That evening, I thought back over the day. My arrogance had almost brought about disaster and I couldn’t settle my feelings. I rushed to pray to God, asking Him to guide me to know myself. I got my phone and went to the Church’s website, where I read these words of God.says, “Some people never seek the truth while performing their duty. They merely do as they please, stubbornly acting according to their own imaginings, and are ever arbitrary and rash. What does it mean to be ‘arbitrary and rash’? It means, when you encounter an issue, to act however you see fit, with no thought process, heedless of what anyone else says. No one can get through to you, and no one can change your mind, such that you cannot be swayed in the slightest; you stand your ground, and, even when what others say makes sense, you do not listen, and believe your way to be the right one. Even if it is, should you not pay heed to others’ suggestions? Yet you do not take heed. Other people call you stubborn. How stubborn? So stubborn that ten oxen could not pull you back—dead stubborn, arrogant and willful in the extreme, the sort that does not see the truth until it is staring you in the face. Does such stubbornness not rise to the level of willfulness? You do whatever you want, whatever you think to do, and you listen to no one. Were someone to tell you something you are doing does not accord with the truth, you would say, ‘I’ll do it whether it accords with the truth or not. If it doesn’t accord with the truth, I’ll give you such-and-such a reason, or so-and-so a justification. I’ll make you hear me. I’m set on this.’ Others may say what you are doing is disruptive, that it will lead to serious consequences, that it is detrimental to the interests of God’s house—yet you do not heed them, but offer yet more of your reasoning: ‘This is what I’m doing, whether you like it or not. I want to do it this way. You’re completely wrong, and I’m completely justified.’ Perhaps you are indeed justified, and what you are doing will have no serious consequences—but what disposition is it that you are revealing? (Arrogance.) An arrogant nature makes you willful. When people have this willful disposition, are they not prone to being arbitrary and rash?” (God’s Fellowship). “Arrogance is the root of man’s corrupt disposition. The more arrogant people are, the more liable they are to resist God. How serious is this problem? Not only do people with arrogant dispositions consider everyone else beneath them, but, worst of all, they are even condescending toward God. Even though, externally, some people might appear to and follow Him, they do not treat Him as God at all. They always feel that they possess the truth and think the world of themselves. This is the essence and root of the arrogant disposition, and it comes from Satan. Therefore, the problem of arrogance must be resolved. Feeling that one is better than others—that is a trivial matter. The critical issue is that one’s arrogant disposition prevents one from submitting to God, His rule, and His arrangements; such a person always feels inclined to compete with God for power over others. This sort of person does not revere God in the slightest, to say nothing of loving God or submitting to Him” (God’s Fellowship). God’s words made me see my own ugliness. I was just as willful and unreasonable as God’s words reveal. In building that tent, I’d clung to my own experience and acted stubbornly yet again. I wouldn’t listen to the other brothers’ suggestions, but just rejected them right away. They warned me to make sure it was safe, that the roof ridge was secure, but I ignored them. I wanted to have the final say and have everyone do what I wanted. I saw my arrogant nature was the root of my dismissiveness and willfulness. Being arrogant and doing things my own way had impacted my duty before. But that time, when I wouldn’t even listen to a reasonable suggestion but rigidly stuck to my own idea, I had almost caused an accident. I’d been autocratic and willful in my arrogance. I wasn’t working well with others and God had no place in my heart. I didn’t even care about the work of God’s house or others’ safety. I was just determined to do my own thing. I had lost all reason in my arrogance. If it hadn’t been for God’s care and protection, I can’t even imagine the consequences. I finally realized how dangerous it was to do things that way. Not only would I have held up our duty, but someday there could have been a terrible accident, and it would’ve been too late for regret! This thought left me really afraid. I gained some understanding of my arrogant nature and didn’t want to do my duty that way anymore.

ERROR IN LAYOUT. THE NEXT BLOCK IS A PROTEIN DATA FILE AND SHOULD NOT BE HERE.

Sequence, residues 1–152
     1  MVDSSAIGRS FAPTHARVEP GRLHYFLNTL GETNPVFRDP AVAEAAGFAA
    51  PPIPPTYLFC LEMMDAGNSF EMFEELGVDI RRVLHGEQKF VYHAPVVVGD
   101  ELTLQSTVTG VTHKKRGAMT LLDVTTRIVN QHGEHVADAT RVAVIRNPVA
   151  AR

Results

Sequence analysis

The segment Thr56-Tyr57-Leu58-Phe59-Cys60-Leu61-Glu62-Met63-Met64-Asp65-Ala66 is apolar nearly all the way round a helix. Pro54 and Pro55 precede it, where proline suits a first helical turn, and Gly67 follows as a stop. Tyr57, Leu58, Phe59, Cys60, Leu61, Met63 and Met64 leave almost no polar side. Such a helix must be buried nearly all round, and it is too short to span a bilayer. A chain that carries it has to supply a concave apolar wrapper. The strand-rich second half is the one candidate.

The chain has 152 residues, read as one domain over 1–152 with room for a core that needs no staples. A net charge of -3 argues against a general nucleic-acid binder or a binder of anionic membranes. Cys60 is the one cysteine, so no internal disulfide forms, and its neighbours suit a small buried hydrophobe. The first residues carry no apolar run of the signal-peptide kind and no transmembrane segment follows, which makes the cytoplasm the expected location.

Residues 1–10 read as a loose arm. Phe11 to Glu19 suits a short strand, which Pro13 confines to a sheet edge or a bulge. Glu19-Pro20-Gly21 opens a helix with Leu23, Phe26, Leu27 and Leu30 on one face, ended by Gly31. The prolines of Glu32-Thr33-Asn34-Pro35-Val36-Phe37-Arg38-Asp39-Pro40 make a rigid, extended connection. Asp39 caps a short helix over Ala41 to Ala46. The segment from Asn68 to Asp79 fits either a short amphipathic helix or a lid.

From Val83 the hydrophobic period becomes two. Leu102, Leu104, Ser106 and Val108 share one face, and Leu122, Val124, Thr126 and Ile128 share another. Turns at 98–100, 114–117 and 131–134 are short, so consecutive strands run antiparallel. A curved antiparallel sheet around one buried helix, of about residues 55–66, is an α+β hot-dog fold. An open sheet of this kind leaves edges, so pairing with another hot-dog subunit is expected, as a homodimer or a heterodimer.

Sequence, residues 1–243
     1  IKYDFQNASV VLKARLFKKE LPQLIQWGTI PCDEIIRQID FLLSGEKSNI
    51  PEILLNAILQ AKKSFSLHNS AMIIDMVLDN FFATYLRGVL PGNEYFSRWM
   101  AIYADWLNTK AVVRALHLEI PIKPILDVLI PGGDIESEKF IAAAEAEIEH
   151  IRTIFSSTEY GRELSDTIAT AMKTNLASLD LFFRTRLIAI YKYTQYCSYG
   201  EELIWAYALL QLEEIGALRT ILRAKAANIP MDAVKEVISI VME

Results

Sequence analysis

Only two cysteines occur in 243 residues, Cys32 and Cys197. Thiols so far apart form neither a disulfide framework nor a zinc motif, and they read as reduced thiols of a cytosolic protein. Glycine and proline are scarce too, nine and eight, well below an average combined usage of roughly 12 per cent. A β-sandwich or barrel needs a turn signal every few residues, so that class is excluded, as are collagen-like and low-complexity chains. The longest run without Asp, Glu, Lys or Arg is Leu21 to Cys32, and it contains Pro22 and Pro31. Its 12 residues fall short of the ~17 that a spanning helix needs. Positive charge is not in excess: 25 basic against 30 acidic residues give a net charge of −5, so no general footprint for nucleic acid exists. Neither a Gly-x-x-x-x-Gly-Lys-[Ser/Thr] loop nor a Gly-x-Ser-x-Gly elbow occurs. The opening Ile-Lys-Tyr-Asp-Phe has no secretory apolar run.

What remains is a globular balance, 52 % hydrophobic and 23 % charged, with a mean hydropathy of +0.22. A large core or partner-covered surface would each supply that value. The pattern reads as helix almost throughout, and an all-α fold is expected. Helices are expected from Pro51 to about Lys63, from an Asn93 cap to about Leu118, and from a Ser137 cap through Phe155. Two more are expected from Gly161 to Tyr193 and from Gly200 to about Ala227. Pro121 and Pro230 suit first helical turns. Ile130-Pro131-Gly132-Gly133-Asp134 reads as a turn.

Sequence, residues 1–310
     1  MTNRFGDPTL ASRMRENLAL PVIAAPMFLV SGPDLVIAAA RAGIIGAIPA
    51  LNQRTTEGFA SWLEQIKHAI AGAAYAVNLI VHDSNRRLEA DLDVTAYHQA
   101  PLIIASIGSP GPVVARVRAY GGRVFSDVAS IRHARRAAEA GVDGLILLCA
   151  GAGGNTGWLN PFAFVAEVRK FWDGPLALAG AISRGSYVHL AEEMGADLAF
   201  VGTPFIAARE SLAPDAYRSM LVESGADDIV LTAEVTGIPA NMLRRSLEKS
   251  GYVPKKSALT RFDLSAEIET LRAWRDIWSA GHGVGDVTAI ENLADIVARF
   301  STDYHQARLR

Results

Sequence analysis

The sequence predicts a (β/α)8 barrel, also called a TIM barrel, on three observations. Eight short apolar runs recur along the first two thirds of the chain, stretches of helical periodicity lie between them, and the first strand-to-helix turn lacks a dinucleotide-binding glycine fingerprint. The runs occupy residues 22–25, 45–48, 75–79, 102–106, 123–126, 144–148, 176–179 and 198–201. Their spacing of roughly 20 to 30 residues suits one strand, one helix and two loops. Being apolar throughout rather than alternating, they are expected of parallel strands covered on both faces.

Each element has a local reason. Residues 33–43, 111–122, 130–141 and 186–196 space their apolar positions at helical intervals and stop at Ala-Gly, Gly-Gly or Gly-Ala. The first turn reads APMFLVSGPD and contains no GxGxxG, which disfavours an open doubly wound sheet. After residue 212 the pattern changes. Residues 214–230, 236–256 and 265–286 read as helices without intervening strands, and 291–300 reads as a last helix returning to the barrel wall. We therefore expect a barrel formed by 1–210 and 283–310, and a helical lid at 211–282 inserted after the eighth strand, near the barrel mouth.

After that, I found a path of practice in God’s words. “Do not put on airs. Can you alone take up the work, even if you are the most professionally skilled or you feel your quality is the greatest of those here? Can you alone take up the work even if you have the highest status? You cannot, not without everyone’s help. Therefore, none should be arrogant and none should wish to act unilaterally; one must swallow one’s pride, let go of one’s own thoughts and views, and work in harmony with the assembly. These are the people who practice the truth and are possessed of humanity. Such people are loved by God, and only they can be devoted in the performance of their duty. This alone is a manifestation of devotion” (“The Proper Fulfillment of Duty Requires Harmonious Cooperation” in Records of Talks of Christ of the Last Days). God’s words showed me the principles for cooperation. No matter what someone’s caliber or gifts, we all have inadequacies and weaknesses. No one person can do everything. We have to learn to put ourselves aside and work well with others so everyone can make use of what God has given them and we can strive for the same goal to do our duties well. Thinking back on my duty, some brothers and sisters had strengths I didn’t possess. After they gave me some pointers and help, I’d do better the second time around. Sometimes they had ideas I hadn’t considered and taking their suggestions avoided some potential problems. Thinking through this left me abashed. I hadn’t known myself before. I’d just been blindly arrogant, but now I learned that I needed other people’s cooperation and help, otherwise I couldn’t do my duty well. My experience showed me that when I acted out of arrogance and didn’t cooperate with others, I always ran into walls. When I was willing to repent, let go of myself, and work with others, I had the guidance and blessings of God. I could see that God likes those with humanity who practice the truth. This was really enlightening for me and I found a path of practice.
On the third morning, a brother asked me to reinforce the tent a bit. I thought, “It’s going to be taken down after filming this afternoon. Is that necessary?” But then I thought of this in God’s words: “None should be arrogant and none should wish to act unilaterally; one must swallow one’s pride, let go of one’s own thoughts and views, and work in harmony with the assembly. These are the people who practice the truth.” God’s words gave me a path of practice. I had to let go of my own views to cooperate with Brother Li, and whether he was right or not, I had to submit and seek first. Then I realized there were still five or six hours of filming left and there was no telling how the weather might change. Reinforcing it would be safer. So a brother and I reinforced the tent. Then around 2 or 3 that afternoon, it suddenly got really windy and rainy and the storm lasted about 40 minutes. We safely waited out the storm inside the tent. This moved me in a way I can’t express. I saw how almighty and wise God is. Not only had others’ suggestions helped me recognize my own corrupt disposition, but God had reminded me in this wondrous way and protected us through the storm. I thank God from the bottom of my heart!
These experiences gave me an understanding of my arrogant satanic nature and some entry into harmonious cooperation. I saw that practicing the truth and not being stubborn in my duty was really important for working well with others. What I’ve understood and gained has been entirely because of the judgment and revelation of God’s words, as well as His chastening and discipline. Thanks be to Almighty God!